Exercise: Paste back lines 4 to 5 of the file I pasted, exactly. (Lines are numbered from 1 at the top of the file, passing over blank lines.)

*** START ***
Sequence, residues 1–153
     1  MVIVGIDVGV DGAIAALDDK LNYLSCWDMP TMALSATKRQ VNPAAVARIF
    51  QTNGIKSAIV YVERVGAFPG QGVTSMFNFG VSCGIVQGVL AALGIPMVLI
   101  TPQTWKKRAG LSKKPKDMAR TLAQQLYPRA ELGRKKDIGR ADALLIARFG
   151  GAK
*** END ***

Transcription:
   101  TPQTWKKRAG LSKKPKDMAR TLAQQLYPRA ELGRKKDIGR ADALLIARFG
   151  GAK